Friday, December 2, 2011

Workaday Christians and the Modern Calling

While many adults often enter ministry after prior careers, most ministers work for the church full time, and a gulf lingers between parish practice and parishioners’ daily lives. Pastor Tom Nelson resolved to bridge the gulf between his Sunday sermons and the brass tacks his flock faced when they ventured back into the world. Despite some minor hiccups, Work Matters: Connecting Sunday Worship to Monday Work does admirably with that goal.

Traditional Christian narratives emphasize work as an important religious duty. According to Genesis, God placed humans in the Garden to work the soil and care for creation. After the Fall, work changed from our sacred duty to our burden and penance, yet work—and its close cousin, rest—remain some of our most holy charges. How we carry our relationship to God and our neighbor into our work space speaks volumes to our souls and salvation.

Most of us spend more time at work than any other activity. Our families, hobbies, and volunteer commitments may be important, but our day jobs are our largest mission field. As Nelson points out, God created humans to continue God’s work. Yet we often greet work with grim resignation. The cynicism of Dilbert cartoons and “You don’t have to be crazy to work here” t-shirts is a kind of slow spiritual death.

This applies both to leaders, who have a charge to build up their employees and care for those under their authority, and workers, who perform their work as a trust both from their human bosses and from God. We were created in the image of a God who nurtures and builds. Christ Himself made a living with his hands for years before starting His ministry. How we work forms a core of our Christian outreach.

Nelson encourages Christians to embrace work and, in doing so, transform it. When we put our minds on God’s mission and our hands to the plow, we turn our workplaces into mission fields. But to do that, we must see our work as more than a burden. To achieve that goal, Nelson urges us to reclaim an idea that has grown distorted in recent years, the notion of a sacred calling.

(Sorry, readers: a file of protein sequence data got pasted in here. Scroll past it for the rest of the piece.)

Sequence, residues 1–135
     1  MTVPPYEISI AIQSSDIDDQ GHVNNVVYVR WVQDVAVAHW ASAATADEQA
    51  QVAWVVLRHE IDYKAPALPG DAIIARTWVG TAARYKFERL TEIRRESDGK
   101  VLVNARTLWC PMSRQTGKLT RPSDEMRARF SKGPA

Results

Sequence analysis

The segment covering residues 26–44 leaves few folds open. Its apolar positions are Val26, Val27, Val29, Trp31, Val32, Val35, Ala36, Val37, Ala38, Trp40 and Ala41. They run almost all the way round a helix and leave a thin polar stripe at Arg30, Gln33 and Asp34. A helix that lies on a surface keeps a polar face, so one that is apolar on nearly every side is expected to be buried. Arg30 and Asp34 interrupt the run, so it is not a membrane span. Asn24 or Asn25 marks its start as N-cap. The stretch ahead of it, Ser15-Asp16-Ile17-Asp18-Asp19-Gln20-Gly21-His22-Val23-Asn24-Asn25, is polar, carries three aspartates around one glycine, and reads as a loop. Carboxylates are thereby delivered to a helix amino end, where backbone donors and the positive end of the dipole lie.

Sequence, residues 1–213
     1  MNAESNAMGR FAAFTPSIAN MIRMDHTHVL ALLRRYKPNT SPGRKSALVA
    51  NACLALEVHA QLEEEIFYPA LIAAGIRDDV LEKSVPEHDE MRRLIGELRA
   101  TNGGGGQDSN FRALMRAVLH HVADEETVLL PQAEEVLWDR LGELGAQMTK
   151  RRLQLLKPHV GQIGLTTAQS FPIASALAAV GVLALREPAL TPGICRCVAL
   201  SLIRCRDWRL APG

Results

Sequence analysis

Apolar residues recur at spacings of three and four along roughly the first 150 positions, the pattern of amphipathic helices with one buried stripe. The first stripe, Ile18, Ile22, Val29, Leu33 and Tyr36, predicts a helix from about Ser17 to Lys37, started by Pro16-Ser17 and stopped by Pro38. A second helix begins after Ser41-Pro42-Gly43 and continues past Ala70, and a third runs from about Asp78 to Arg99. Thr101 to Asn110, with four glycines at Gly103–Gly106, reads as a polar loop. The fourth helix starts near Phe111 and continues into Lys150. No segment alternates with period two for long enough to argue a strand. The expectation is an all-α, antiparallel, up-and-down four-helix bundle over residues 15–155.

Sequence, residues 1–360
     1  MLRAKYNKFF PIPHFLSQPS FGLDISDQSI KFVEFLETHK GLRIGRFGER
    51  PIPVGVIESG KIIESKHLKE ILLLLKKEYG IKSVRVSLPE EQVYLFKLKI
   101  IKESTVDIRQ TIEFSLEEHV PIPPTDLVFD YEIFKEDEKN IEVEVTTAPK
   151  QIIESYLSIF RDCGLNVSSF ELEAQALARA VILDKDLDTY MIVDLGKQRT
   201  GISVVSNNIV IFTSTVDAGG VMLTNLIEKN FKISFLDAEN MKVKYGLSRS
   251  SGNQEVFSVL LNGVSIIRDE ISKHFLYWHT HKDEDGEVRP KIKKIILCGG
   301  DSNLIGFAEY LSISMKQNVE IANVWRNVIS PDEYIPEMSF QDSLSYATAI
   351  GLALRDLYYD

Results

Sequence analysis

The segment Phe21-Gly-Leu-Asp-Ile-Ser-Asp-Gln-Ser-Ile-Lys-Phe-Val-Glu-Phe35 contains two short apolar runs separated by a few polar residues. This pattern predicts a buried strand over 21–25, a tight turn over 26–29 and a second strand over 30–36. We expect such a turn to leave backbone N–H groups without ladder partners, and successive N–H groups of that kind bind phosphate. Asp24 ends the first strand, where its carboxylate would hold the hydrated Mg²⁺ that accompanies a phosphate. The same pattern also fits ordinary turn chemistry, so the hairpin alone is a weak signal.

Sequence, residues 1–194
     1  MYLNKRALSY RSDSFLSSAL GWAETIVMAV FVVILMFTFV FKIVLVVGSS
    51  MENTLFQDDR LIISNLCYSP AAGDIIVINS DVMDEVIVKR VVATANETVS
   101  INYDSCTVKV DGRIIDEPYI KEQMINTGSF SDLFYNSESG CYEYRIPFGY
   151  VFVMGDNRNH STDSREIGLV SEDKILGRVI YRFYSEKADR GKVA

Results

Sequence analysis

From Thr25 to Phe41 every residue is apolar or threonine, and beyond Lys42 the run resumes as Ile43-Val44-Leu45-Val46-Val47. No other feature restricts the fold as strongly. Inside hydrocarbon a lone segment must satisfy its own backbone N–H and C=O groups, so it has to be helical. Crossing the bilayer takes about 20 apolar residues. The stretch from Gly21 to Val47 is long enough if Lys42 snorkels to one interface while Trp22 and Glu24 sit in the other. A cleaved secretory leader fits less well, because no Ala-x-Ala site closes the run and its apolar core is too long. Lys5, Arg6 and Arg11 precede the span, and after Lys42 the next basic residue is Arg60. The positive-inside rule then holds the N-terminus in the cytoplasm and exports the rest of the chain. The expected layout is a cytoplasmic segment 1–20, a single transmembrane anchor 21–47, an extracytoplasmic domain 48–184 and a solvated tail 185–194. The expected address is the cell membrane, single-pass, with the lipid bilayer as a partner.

Many churches, particularly evangelical congregations, mistakenly divide labors into “higher” work, meaning the pastorate or missions, and “lower” work, done in secular settings. This leads many ordinary parishioners to think they let God down if they stick with their workaday jobs. But Nelson reminds us that the Apostle Paul encouraged Christians to continue their work, and be Christ’s eyes and hands where people actually are.

As Jacques Ellul says in The Presence of the Kingdom, many Christians, especially converts, think they have a call to ministry because that exempts them from life’s tedium. One young man I know thought that, if he became a pastor, he could study the Bible forty hours a week. Ministry’s realities shattered that illusion. Christians are called to work. We are not a rarefied batch of contemplative thinkers; even monks earn their keep by the day.

Yet for all the opportunities work offers Christians, we cannot ignore the challenges. Work can become a form of idolatry. I’ve heard of pastors who have needed to take sabbaticals because they realized they served the pulpit more than God. And work can become a source of profound discouragement, particularly when high Christian ideals conflict with petty workplace politics.

Nelson gets a bit exercised about the risks of sexual impropriety in the workplace, an attitude he takes perhaps to an extreme. While the high tensions of daily labor can cultivate shifting temptations, most workers I know are more threatened by despair or cynicism than lust. I wish Nelson spent more time talking about maintaining God-given hope in the face of daily struggle, because that, not sex, is the biggest obstacle I face.

But even when he follows the occasional cow path, Nelson makes many good points. Church should offer workers encouragement to face our Christian missions with good spirits, despite banal routine; yet many pastors fear to address the workaday world, and Christians fear voicing frustrations to the congregation. This creates a chasm between Sunday sermons and Monday actions, but to Nelson, this is merely an untapped opportunity.

We are all called to a task in this world. God made us to work. When we divide work and worship, we lose some of God’s most profound opportunities. Tom Nelson gives us the encouragement many of us need to reclaim our work for our God.

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